I watched in agony for years as my mother accommodated my father at the expense of her comfort and freedom. She held in her frustration until it manifested into physical symptoms in her body. I saw her suffer one insidious migraine after the other as she juggled the demands of medical school, children, and a partner who constantly disapproved.

I’ll admit, I’ve always been a free spirit. As mystical as that sounds, it comes at a price. I’ve always been adamant about exercising certain freedoms that otherwise may not be realized in the conventional relationship. But it was precisely because I’d seen so many failed marriages around me growing up that I was determined to hold onto my individuality. True to form though, the men I dated expected me to fit the standards society set for the perfect woman. Unfortunately, that role too often resembled one that victimized my mother for years, and it fell incredibly short next to the role I wanted to play in life.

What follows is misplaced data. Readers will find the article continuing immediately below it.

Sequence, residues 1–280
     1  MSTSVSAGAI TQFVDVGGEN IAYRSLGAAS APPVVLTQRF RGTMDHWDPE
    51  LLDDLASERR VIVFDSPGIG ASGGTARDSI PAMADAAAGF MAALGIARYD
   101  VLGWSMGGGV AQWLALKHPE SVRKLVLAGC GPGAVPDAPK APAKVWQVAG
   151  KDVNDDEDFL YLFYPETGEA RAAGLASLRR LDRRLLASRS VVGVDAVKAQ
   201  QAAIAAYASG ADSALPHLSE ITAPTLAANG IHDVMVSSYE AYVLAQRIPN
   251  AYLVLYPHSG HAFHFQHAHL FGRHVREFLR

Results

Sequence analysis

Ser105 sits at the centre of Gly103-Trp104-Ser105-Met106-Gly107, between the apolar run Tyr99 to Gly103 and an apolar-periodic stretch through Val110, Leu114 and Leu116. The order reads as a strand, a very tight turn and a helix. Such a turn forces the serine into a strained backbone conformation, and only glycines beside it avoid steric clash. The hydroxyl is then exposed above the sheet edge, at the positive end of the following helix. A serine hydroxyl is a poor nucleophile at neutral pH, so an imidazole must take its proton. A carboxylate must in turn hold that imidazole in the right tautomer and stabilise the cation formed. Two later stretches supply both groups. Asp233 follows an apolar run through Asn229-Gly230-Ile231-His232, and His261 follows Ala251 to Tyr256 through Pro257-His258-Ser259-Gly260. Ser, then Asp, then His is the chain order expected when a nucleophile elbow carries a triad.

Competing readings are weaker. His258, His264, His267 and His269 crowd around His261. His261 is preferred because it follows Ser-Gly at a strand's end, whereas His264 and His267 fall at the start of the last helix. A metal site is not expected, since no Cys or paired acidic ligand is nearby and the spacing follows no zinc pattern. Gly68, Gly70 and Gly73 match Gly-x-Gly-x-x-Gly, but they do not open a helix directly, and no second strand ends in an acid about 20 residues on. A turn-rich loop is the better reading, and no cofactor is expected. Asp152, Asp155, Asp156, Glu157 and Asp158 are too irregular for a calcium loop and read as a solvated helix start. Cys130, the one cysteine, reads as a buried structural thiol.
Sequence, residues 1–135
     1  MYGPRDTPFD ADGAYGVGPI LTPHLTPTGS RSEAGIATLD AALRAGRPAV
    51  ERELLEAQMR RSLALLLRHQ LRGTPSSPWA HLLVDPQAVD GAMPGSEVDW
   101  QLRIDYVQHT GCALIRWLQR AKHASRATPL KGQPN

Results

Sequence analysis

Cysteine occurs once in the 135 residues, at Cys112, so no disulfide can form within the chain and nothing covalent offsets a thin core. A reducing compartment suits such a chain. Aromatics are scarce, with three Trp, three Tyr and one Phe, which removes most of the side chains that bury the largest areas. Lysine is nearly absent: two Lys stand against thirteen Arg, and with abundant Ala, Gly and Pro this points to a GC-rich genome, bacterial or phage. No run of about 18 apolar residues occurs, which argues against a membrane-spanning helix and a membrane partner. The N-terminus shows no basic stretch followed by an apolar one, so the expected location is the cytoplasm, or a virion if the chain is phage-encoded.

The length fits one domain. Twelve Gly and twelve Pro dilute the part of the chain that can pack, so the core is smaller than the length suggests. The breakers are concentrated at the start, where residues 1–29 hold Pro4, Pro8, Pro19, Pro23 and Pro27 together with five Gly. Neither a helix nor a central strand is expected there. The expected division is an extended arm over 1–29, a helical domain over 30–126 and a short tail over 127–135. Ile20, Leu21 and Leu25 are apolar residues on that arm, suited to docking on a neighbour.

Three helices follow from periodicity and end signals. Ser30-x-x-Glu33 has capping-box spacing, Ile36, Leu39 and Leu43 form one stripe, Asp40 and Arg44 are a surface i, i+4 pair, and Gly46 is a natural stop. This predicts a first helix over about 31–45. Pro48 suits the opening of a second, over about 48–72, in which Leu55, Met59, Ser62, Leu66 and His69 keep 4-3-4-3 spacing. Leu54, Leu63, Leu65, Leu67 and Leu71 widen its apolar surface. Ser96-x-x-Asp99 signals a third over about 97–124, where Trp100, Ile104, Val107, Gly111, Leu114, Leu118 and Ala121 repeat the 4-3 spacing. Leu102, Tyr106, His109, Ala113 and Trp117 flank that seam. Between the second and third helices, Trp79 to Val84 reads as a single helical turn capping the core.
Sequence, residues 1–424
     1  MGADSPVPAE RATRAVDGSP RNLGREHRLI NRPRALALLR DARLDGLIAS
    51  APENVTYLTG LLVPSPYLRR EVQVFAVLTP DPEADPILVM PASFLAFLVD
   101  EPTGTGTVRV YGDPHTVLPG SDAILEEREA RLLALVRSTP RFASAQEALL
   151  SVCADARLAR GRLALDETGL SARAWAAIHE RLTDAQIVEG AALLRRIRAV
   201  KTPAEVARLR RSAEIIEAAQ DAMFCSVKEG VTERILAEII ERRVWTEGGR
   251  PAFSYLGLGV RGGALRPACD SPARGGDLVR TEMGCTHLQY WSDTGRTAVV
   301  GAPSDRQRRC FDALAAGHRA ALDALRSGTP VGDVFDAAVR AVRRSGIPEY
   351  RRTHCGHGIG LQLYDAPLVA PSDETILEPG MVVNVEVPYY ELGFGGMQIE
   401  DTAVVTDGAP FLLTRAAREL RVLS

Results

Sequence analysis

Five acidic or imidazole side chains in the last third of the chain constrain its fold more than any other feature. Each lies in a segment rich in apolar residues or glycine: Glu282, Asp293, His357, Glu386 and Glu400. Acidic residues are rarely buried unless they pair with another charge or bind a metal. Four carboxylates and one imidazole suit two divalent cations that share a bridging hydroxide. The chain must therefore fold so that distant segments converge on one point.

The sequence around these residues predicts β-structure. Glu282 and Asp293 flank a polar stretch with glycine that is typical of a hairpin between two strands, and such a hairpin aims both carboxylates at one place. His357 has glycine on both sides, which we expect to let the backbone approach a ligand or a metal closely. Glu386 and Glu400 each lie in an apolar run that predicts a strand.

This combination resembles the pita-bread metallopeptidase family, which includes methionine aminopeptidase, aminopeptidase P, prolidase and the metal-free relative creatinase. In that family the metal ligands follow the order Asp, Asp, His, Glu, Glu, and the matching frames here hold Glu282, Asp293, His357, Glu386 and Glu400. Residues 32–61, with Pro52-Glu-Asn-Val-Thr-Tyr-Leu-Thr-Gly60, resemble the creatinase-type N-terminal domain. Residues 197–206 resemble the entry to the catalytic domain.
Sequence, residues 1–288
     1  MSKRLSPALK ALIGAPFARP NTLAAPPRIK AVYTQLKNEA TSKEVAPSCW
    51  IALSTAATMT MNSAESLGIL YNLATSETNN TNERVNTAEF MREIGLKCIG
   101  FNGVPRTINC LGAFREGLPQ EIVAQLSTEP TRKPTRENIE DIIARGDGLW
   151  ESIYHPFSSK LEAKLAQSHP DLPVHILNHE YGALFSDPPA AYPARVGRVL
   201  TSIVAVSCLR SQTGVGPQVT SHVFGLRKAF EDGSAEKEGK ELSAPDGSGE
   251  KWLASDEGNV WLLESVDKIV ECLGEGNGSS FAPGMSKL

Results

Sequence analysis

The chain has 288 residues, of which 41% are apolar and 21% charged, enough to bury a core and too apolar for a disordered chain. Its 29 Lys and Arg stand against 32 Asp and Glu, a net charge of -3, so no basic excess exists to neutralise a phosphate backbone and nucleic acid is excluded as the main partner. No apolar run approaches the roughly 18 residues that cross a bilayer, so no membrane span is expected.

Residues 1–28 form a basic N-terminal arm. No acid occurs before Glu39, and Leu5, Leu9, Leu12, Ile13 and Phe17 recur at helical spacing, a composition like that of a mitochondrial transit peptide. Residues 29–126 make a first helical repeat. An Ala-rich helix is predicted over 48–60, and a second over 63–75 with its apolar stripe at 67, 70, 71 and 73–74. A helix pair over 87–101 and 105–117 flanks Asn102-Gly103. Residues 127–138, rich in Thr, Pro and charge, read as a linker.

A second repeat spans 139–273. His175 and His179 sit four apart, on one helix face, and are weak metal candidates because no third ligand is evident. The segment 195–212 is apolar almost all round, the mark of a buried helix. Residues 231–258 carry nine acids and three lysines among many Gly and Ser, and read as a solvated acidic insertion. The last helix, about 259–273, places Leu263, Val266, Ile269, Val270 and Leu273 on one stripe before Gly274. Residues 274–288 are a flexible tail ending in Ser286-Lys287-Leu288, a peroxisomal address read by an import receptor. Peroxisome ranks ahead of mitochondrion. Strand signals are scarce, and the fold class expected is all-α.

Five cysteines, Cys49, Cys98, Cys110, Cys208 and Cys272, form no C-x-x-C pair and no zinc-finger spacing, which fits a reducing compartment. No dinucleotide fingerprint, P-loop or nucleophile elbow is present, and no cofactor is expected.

I’ve always been drawn to experiences of all sorts. For instance, I knew from a young age that I was physically attracted to girls and emotionally attracted to boys, but I was terrified to admit it. It wasn’t readily accepted in the world I came from, and when I was vulnerable enough to share it with guys I dated, they were threatened by the idea. So whether I was single or in a relationship, I found myself suppressing this yearning for years.

But it never went away. I had dozens of dreams plotted around getting close to a woman only to be interrupted, sometimes by a ground splitting earthquake or giant animals piercing through the walls of the room we were in. Sometimes the woman would suddenly slip from my arms right before we kissed. In hindsight, it’s clear what my subconscious was trying to reveal in these dreams. I was afraid and frustrated that I would never be exercise this curiosity. It was cruel that I was judged by those closest to me for having this natural desire, but worse that I didn’t love myself enough to advocate for it regardless.

It’s easy to sit here and say I’ve always been an empowered badass. But the reality is, I’ve been heavily impacted by my experiences and the background I come from, just like the best of us. Unintentionally, I fell into the trap of changing who I am for the man of the moment. It felt like the right thing to do...the more similarities we have, the more likely we are to thrive. Right? Perhaps. But who you are doesn’t just disappear, as my strange dreams would come to show me. My truth stayed with me, albeit silenced by circumstance.